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So I checked my 14YO DD's facebook last night and.......

(32 Posts)
whatishappening1976 Mon 04-Mar-13 16:17:18

She has been talking to a boy from he school that she likes, which I have no problem with, some of the things he has said to her however I am not happy about!

A part of the conversation went like this;

Him - you need to run off into the sunset with me
Her - I will don't worry - what we gonna do after we run off into the sunset
Him - yayayayaya bang all day long
Her - ...............
Him - without a condom
Her - that's er lovely - I was thinking maybe we could go somewhere but no
Him - we can go Southend afterwards
Her - Yay how cool are we
Him - we can ride the roller coaster which means you'll be riding two roller coasters
Her - Yay - what wait? HAHA
Him - my dicks the roller coaster jesus get with it
Her - I am with it I'm jiggy with it - I just realised how wrong that sounds

Then it goes onto talking about school.

Now I know that she doesn't respond in the same tone as he is talking to her. But I just do not want her talking to someone who is talking like that. She has told me many times that she really likes this boy, and they often talk on Skype, and are with each other a lot at school.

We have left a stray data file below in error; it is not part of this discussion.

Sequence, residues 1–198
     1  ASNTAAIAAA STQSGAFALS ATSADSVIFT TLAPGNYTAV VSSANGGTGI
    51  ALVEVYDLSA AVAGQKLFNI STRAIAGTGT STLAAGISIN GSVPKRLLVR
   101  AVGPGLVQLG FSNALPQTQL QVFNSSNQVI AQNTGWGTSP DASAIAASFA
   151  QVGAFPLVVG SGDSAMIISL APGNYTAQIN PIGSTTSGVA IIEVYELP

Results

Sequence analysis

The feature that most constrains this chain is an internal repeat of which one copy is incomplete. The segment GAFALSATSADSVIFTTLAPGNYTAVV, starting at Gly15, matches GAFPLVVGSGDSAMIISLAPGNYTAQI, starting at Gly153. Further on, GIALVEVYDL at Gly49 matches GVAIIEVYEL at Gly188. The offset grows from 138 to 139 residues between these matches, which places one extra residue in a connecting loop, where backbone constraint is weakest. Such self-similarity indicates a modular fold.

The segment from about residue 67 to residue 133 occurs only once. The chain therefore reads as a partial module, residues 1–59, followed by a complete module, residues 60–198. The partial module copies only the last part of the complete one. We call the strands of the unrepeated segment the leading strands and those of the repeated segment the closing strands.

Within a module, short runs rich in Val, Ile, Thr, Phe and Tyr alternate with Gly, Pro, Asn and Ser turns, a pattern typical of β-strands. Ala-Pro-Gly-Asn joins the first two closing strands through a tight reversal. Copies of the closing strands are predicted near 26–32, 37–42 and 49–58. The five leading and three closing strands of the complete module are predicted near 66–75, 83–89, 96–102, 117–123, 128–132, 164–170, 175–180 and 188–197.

What if he asks he to go out with him, and she wants to meet up with him alone or something?

I do not want to tell her not to talk to him again, they are both part of the same group of friends, most of whom seem lovely - I have met all of the girls and some of the boys but not this one.

I am also sure that most of what he said was just him trying to make himself sound big and clever.

I just do not know what to say to her, I cannot pretend I have not seen it. She is only 14 and he is the same age, just do not know what to think!!!!

Advice would be greatly appreciated!!!!!!!!!! Thanks

FireOverBabylon Mon 04-Mar-13 16:23:03

I agree about him trying to make himself seem big.

She seemed keen to have a more "normal" conversation with him, so I'd focus with her on that being a positive thing, and not feeling that she has to fall in with his conversation.

Plus wait until you meet him and ask him how he likes riding rollercoasters, then wait for him to choke on his drink. grin

skyblue11 Mon 04-Mar-13 16:46:47

I wouldn't worry about it, he's probably all mouth but like fire said your DD was talking in a different tone, I am sure she is sensible so just hold that thought.

whatishappening1976 Mon 04-Mar-13 16:47:02

I like your thinking FireOver lol

FireOverBabylon Mon 04-Mar-13 16:59:29